Chickens in Paradis, Norco and St. Rose test positive for West Nile
By Jonathan Menard - Aug 08, 2013
Chickens in Des Allemands, Paradis, St. Rose and Norco have tested positive for the West Nile virus, according to the Louisiana Animal Disease Diagnostic Laboratory.
In response to the positive tests, Mosquito Control personnel have increased spraying in the affected areas.West Nile cases tend to increase in August, but so far this year the country hasn’t experienced a large outbreak. In 2012, around 300 people in Louisiana caught the virus from mosquitoes. This year, the state has only reported one positive human case.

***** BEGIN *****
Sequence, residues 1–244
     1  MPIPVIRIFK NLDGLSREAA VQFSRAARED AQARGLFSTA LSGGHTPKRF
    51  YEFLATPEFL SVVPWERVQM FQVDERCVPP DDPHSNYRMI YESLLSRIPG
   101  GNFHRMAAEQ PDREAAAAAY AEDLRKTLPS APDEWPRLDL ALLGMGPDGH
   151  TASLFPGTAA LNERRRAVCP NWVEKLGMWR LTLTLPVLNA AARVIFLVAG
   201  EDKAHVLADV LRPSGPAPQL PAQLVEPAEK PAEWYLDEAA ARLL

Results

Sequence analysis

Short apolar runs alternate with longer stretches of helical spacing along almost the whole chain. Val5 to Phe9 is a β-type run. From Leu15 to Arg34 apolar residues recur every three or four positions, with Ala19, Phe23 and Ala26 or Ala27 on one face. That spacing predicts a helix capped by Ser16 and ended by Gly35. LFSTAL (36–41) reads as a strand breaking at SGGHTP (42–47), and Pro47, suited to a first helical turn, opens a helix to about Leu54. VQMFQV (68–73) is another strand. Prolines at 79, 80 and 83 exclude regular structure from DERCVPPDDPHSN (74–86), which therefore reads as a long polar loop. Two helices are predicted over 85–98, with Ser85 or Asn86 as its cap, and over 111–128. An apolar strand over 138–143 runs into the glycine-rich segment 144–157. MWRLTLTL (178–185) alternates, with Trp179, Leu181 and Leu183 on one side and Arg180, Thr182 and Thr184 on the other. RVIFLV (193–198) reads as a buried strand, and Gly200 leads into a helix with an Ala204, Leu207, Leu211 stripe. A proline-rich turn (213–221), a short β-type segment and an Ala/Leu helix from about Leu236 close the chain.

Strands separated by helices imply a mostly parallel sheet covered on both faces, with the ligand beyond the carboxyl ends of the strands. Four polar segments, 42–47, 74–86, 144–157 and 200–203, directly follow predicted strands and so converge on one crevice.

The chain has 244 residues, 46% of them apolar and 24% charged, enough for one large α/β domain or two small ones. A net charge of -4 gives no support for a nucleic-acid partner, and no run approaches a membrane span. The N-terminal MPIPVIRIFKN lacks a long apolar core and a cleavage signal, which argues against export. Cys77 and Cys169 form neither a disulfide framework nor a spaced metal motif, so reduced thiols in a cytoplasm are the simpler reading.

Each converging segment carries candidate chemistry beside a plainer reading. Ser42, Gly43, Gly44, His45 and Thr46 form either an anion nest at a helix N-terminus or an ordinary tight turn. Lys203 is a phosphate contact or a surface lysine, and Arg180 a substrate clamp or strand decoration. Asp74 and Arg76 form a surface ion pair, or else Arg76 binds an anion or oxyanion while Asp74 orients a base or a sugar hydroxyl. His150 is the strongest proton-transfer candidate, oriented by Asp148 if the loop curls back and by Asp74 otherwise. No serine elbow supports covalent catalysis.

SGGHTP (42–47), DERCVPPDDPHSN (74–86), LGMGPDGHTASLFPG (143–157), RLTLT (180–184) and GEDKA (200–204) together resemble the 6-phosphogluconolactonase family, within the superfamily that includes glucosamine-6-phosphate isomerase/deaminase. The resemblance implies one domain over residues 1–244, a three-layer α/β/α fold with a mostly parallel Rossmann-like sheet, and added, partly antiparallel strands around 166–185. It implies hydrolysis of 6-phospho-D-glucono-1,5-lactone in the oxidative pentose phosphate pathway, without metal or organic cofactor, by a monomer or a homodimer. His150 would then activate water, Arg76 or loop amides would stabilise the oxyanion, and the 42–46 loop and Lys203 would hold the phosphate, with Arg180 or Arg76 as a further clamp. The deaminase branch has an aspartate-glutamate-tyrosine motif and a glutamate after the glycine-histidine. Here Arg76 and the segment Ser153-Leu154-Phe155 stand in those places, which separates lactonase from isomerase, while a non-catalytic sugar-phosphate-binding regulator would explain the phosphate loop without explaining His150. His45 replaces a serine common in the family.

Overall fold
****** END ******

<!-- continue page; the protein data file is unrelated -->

West Nile is spread to humans through the bite of an infected mosquito. Mosquitoes become infected by biting a bird that carries the virus.
About 80 percent of the people who are infected with the West Nile virus never know it because they don’t display any symptoms. Twenty percent to 30 percent of those infected develop West Nile fever with headaches, joint pains, vomiting or diarrhea.
Less than 1 percent of those infected develop West Nile neuroinvasive disease, involving inflammation of the brain, spinal cord or the tissue surrounding the brain, which carries a death rate of about 10 percent.
Residents are asked to help eradicate mosquito breeding sites by dumping out standing water. In order to avoid mosquito bites, residents should stay inside at dawn and dusk, wear pants and long sleeves, and use insect repellent containing DEET.
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